The sculpture presented here defines a corridor comprising two spaces. Each of them linked by an interface, which reverses your perception of them.
The envelope of this corridor is made of laminated polyester resin, which enables a very fine skin to be made, paradoxically opening your eyes to a great depth in the thickness of the surface. This envelope, as a moulded, fluid, translucent space, is like a skin forming the body of the work.
Inside the envelope, the interface splits the space into two rooms, preventing you from going through it, without preventing exchanges: of air, of light, of colours, of movements. The first room has a split-level structure, creating a feeling of flight, of being drawn in, of depth, whilst the second leaves the visitor on the threshold and offers a reversed split-level structure, which seems to be growing and expanding. These different interpretations of the interface are a mental representation of the development of the body of the corridor itself. Between ebb and flow...
On the outside, the envelope has a formwork made of transparent, twin-wall polycarbonate sheets, which increase the uncertainty of the tactile vision between the moulded polyester surface and the rigid structure of the industrial panels.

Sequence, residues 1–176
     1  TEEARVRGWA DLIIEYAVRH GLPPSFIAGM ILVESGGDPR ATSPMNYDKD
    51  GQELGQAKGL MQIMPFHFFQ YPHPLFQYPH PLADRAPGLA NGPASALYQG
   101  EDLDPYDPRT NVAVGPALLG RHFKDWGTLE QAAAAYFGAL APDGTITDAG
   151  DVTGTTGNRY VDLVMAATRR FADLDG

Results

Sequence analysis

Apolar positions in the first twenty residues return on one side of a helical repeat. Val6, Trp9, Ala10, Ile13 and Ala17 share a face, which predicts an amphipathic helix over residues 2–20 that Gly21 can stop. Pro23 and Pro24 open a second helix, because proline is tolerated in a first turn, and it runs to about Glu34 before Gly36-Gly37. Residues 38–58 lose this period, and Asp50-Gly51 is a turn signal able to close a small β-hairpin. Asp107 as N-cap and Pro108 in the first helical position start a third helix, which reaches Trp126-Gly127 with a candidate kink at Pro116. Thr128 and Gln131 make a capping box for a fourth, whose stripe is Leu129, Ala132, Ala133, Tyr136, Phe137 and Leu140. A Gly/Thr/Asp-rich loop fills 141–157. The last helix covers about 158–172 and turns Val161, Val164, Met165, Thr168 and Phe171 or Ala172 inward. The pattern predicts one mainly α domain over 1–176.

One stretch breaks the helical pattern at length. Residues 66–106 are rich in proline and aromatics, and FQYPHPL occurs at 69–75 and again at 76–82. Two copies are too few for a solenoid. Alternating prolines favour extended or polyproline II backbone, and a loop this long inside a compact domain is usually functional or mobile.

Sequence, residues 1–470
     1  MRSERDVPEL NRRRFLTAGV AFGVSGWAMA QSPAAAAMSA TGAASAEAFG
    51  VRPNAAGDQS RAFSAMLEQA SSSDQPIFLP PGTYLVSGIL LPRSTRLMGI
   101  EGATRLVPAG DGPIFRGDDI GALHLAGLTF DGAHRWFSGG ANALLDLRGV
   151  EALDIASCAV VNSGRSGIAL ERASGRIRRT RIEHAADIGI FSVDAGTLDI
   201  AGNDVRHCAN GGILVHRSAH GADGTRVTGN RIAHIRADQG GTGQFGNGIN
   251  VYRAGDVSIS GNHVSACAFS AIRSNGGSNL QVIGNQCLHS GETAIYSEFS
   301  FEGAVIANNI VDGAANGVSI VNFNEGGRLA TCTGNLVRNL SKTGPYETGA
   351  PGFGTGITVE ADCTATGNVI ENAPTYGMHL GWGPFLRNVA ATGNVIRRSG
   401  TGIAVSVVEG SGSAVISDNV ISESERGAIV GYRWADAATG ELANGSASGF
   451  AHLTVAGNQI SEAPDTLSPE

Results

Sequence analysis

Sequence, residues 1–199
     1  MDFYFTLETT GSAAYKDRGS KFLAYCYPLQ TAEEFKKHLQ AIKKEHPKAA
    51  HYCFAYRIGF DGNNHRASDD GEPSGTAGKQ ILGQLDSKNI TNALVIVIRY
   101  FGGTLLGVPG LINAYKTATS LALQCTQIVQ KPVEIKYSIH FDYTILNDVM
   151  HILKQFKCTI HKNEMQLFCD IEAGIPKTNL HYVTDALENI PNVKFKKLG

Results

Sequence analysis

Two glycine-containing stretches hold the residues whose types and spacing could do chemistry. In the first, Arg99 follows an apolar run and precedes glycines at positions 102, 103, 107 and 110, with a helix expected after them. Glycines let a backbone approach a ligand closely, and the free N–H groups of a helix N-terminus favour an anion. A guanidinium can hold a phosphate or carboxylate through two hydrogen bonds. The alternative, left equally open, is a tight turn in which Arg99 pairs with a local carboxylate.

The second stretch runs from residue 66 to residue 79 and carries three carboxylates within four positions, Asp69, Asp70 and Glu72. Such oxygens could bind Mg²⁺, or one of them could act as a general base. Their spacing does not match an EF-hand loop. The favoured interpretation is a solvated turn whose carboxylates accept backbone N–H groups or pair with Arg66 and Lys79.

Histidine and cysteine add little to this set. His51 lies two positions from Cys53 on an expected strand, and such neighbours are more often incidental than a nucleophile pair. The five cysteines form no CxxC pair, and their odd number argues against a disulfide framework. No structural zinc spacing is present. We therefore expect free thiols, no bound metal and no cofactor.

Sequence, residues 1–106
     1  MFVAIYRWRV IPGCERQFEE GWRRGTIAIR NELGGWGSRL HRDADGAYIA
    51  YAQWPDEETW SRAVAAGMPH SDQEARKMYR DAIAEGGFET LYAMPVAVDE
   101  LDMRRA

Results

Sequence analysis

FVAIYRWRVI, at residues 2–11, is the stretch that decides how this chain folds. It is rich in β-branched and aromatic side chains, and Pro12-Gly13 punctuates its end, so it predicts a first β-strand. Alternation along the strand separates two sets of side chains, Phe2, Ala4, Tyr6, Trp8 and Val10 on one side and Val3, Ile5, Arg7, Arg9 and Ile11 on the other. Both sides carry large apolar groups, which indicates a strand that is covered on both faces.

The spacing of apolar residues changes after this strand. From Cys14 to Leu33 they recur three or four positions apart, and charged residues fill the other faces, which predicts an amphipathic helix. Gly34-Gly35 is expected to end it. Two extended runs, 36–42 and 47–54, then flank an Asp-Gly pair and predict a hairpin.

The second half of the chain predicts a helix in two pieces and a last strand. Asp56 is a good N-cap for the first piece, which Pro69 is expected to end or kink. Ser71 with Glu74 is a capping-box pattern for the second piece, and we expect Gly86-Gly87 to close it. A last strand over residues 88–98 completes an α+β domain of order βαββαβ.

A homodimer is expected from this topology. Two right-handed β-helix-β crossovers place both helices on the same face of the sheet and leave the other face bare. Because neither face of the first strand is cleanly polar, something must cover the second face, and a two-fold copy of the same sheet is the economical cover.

The first connection the visitor has with this shape presents a questioning between the block and the partitions of the space, through fixed shapes and suspended lines. The interest of the room finds expression in the way this space is constantly changing its definition through variations in density of light, becoming a space that is unique in terms of perception and feeling.
A coloured and translucent space: both closed in on itself and open to the outside. Closed, because it stops at a line which encloses it, and open, because what it encloses spills out beyond it and surrounds it. From this point of view, there is a real interaction between the object and its environment and this space is set in motion by the mere passing of a visitor or a cloud.
Vincent Péraro was born in France in 1963. He qualified from the National School of Fine-Arts in Paris, and obtained the Prix Boudelle in 2000.